What people are saying - Write a review
We haven't found any reviews in the usual places.
Other editions - View all
9 inches advantage ammunition angle arch armour arrangement artillery attack barbette barrels besieger bombproof bridge built caponniers carriage carried cartridge stores casemates cast iron centre coast batteries concrete construction continuous line convenient counterscarp cover defence detached disappearing carriage distance ditch Dwarf effect embrasure enceinte enemy enemy's escarp feet 6 inches fire flanks fortification fortress forts front galleries garrison gnns ground guns mounted heavy guns height howitzer inches wide iron ironclads lamp passage land latter lift lifting bridge light guns loading magazine masonry medium guns merlons muzzle necessary parapet penetrate permanent piers pivot emplacement pivot racers plates port position finder possible Professional Papers projectiles protection range rear recess recoil resist rifled rolling bridge roof secure shell stores shield ships Shoeburyness shot side siege slopes space steel stone superior slope terreplein thick tons turret ventilation wall wrought iron yards
Page 217 - ... rule, the garrisons of the redoubts and the number of troops required to man the retrenchments were at the commencement calculated on an allotment of two men per yard running of parapet for all lines; but after some time, this calculation was deemed too considerable, and the numbers were fixed at two men per yard running for all front lines, and one man per yard for all rear lines, deducting for the spaces occupied by the artillery; an addition to or deduction from these numbers being made by...
Page 71 - It is proper, then, to inquire at the outset in what way the knowledge of Materia Medica is to be made subservient to the treatment of disease. In accordance with the homoeopathic law, we select for the cure of each individual case of disease that remedy of which the pathogenetic...
Page 141 - It is not easy, however, to see why a boat firing at the water level should succeed, while the machine guns in the tops of the Penelope and Invincible failed for...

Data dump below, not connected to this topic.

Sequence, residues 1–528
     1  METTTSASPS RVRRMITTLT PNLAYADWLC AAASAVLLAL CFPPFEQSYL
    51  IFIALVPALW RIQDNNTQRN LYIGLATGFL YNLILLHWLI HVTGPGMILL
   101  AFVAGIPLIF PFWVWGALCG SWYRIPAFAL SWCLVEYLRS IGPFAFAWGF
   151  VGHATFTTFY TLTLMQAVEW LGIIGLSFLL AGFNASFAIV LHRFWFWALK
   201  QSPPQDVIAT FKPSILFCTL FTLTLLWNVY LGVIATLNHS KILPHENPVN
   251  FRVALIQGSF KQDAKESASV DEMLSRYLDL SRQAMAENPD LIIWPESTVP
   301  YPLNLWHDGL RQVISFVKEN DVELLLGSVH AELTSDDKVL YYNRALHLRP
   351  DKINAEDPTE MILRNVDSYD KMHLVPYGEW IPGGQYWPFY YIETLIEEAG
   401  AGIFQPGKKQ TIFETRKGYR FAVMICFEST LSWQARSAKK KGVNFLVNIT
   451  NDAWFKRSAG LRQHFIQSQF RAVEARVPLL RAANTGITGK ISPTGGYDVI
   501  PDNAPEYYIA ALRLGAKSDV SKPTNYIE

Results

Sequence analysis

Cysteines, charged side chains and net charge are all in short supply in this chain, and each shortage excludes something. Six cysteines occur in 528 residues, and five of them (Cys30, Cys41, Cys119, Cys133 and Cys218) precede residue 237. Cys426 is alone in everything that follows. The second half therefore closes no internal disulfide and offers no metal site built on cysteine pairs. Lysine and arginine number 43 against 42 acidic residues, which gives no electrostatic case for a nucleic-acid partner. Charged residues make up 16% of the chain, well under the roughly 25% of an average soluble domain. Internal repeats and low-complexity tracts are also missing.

Page 283 - The piers supporting the roof structure are separate from the armoured wall. The roof is of the usual girder construction, and bomb-proof throughout. There is to this, and to all the other sea forts, an entrance port into which, in preparing for action, a massive armoured shield on...
Page 283 - Fort may he taken as the first example of battery, with walls composed wholly of iron. It is oval in form, 144 ft. long and 114 ft. broad, and stands on a mass of masonry on a rocky bed. The floor is about 16 ft. above high-water mark. It was constructed to mount fourteen 38-ton guns and four 18-ton guns firing through small ports, 21 ft. 9 in. from centre to centre. The ironwork was commenced in 1867 and finished in 1870. There are four thicknesses of 5-in. plates about the port, and three supported...
Page 286 - The safe load of the upper gun floor, and of the roof, is equal to s mass of concrete 10 ft.
Page 223 - The details of the design for a fort should be influenced by the nature of the ground on which it is to be built, and it is necessary to inspect the site carefully before beginning the plans.
Page 155 - It is necessary to make a few remarks on the subject of the turret, as this is admitted to be the most perfect method of mounting guns.
Page 127 - I have never heard a different opinion than that they would get as close as possible and pour in as heavy and rapid a fire as they could...
Page 122 - ... problem of reorganizing a situation of disturbed values. In this portion of the article I propose to go over the ground in more detail, dealing with some explicitness with each phase of the situation. Before taking up the interpretation of the logical categories of fact, meaning and agreement, it may be well to say a few words on the nature of the disturbed and disordered situation for the sake of rectifying which the reflective process takes place. A quotation from a recent critic affords a...